Missouri State Penitentiary

The tour of the Missouri State Penitentiary has been on my bucket list for some time after seeing a post on it in a group on Facebook. The penitentiary is located in Jefferson City, about 2 hours from St. Louis. We decided to do the 2 Hour History Tour which was reasonably priced at about $15 a person. In 1836, the penitentiary open its’ doors and remained open until 2004. The prison held inmates for 168 years making it the oldest institution west of the Mississippi River.

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The first thing you notice as you make the turn toward the penitentiary is the large stone walls and guard towers looming in the distance.

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We arrived about 30 minutes early as recommended on the website, signed our waiver and checked out the different rooms of the entrance area as well as the small gift shop.

Our tour started out by learning about some of the history and then heading out into the upper yard area. I really loved our tour guide. He told a lot of stories which made the tour interesting and fun.

The first building that we entered was Housing Unit 4 or “A-Hall”. Built in 1868, Unit 4 is the oldest remaining building on the grounds. This building was built of stone that was quarried on site and it was built to last. In sharp contrast, I believe the guide said that the brick buildings furthest towards the outside of the grounds were built around the 1930’s and are so structurally unsound that no one is even allowed in them anymore.

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After a brief history on the hall, we were able to explore for about 10 minutes. I highly recommend heading all the way up to the top cell block to get the full effect of the building. From here, you can get a birds eye view of all of the cells.

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It is really neat because you can even go into each cell and each cell is different. They stress though that whatever you do, do not close a cell door because they do not have any keys!

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After this, they led us down to the Administrative Segregation area which is basically the dungeon =). They huddled all of us in our group into a cell that had no windows, only stone walls and turned off the lights to give us the full effect of what it would be like to be housed in this cell. It was creepy to say the least =)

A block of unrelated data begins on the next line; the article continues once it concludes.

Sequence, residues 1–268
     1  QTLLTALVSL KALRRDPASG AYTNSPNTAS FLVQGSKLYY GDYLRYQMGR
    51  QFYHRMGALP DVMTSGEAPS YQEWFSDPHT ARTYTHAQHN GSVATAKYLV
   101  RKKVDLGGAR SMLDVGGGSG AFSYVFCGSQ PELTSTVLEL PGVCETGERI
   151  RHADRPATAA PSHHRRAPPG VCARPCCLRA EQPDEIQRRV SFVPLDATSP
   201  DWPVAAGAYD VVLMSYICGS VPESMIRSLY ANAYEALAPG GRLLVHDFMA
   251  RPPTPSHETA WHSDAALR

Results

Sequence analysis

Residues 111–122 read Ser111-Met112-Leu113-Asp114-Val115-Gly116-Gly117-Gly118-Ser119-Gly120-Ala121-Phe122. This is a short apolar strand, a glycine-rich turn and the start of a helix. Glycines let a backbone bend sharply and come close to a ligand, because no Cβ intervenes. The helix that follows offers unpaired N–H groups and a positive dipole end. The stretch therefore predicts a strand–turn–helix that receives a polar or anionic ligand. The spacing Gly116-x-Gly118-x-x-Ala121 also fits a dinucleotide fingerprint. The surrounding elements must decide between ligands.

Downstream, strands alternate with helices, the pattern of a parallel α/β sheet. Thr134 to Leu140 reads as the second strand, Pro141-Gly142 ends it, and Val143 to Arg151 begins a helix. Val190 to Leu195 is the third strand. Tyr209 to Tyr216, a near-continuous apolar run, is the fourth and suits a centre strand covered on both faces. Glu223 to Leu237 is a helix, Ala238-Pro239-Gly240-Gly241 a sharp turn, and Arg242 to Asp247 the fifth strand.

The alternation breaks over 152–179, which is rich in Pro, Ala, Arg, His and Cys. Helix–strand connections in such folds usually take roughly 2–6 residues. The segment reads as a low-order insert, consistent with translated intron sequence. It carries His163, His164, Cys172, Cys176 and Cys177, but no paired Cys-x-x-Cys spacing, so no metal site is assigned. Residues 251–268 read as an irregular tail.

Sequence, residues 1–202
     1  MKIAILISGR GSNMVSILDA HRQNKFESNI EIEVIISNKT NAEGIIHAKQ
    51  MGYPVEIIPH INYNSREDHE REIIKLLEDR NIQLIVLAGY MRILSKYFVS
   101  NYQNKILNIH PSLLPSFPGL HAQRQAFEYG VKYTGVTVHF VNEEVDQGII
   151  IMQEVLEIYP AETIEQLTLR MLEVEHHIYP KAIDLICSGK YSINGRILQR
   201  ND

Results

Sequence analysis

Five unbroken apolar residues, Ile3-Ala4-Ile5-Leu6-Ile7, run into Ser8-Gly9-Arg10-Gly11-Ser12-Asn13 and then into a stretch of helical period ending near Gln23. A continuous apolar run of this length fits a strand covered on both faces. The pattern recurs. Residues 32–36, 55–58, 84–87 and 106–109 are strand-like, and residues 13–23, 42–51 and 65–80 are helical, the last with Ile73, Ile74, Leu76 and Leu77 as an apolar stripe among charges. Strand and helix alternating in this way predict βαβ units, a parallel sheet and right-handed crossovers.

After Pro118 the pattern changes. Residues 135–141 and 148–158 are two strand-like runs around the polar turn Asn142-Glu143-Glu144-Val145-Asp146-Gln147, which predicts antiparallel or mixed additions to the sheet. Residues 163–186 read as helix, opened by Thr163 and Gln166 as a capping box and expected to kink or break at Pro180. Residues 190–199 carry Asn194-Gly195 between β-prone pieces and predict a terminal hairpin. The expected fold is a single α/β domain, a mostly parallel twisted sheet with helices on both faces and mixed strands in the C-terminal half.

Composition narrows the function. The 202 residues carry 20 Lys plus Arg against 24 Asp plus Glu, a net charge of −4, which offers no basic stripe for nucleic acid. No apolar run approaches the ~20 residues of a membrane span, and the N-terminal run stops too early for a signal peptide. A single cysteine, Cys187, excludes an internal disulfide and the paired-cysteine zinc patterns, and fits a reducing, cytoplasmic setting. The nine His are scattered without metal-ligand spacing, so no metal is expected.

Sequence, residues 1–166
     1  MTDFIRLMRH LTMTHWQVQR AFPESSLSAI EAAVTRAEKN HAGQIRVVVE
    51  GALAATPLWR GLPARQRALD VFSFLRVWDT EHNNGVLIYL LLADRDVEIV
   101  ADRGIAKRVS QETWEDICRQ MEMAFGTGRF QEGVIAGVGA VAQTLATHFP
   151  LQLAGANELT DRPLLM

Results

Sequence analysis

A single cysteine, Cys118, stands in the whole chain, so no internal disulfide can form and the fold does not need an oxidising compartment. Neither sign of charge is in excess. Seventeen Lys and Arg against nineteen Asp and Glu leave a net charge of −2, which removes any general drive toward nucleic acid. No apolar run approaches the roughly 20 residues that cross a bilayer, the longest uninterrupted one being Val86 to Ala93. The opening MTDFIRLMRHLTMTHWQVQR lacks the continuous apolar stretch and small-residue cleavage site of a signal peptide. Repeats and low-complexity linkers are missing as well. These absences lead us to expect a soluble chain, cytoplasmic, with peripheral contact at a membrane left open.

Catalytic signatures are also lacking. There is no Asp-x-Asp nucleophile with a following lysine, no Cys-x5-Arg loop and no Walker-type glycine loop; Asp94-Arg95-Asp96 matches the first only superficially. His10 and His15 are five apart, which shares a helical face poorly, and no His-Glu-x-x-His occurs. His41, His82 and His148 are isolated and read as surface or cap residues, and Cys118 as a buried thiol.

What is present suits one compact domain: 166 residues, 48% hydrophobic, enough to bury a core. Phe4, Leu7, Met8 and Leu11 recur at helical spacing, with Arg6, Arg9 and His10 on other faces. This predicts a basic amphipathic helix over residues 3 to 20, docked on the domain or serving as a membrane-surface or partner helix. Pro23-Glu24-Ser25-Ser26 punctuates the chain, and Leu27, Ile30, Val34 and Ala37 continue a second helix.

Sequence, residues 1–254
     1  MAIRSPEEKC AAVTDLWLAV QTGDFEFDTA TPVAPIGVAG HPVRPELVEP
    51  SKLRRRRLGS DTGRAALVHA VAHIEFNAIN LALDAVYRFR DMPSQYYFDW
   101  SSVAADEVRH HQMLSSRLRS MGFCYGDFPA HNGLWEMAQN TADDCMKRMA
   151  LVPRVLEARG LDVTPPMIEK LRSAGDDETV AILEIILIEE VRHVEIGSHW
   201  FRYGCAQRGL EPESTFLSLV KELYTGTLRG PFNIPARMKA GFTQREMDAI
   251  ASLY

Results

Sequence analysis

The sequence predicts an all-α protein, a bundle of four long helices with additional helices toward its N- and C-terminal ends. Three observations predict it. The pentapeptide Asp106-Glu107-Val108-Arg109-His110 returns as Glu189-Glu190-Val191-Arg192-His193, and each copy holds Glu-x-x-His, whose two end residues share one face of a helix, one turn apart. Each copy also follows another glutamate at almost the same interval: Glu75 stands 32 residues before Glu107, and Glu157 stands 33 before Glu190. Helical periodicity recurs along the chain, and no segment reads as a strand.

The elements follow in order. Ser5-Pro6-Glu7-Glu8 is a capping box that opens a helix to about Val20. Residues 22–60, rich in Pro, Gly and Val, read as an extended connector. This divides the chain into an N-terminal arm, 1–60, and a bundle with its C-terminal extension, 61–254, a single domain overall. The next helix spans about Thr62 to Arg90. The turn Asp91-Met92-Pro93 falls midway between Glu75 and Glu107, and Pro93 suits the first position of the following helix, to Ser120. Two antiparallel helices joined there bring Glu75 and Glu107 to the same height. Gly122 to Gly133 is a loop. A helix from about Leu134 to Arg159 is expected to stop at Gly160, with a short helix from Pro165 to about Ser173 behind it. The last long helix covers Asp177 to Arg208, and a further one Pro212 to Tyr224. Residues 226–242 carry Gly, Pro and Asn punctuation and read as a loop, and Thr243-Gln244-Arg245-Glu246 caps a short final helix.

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The next building we toured was Housing Unit 3. It was interesting seeing the two different styles of cell blocks. In the basement of this building is Death Row which is available to tour on the 3 Hour History Tour.

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The final stop on the tour was the gas chamber which is a small building on the other side of the yard. You can go inside this building and see the restraint chairs and even sit in them if you really want to…

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This was our last stop on a really interesting tour. I just could not believe that at its’ peak, this place housed 5,200 inmates and operated until 2004.

Across the street is the Marmaduke House which while the penitentiary was in operation was the Warden’s residence. It now holds a very informational and interesting museum. Entrance to the museum is free if you visit after your tour. I highly recommend the museum. There was a lot of artifacts and personal belongings from inside the prison walls on display.

Be sure to drive past the Missouri State Capital and if you are looking for a place to grab a bite to eat, be sure to visit Prison Brews which is a restaurant and microbrewery just down the street.

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Be sure to visit the Missouri State Penitentiary website for more information and to book your tour!


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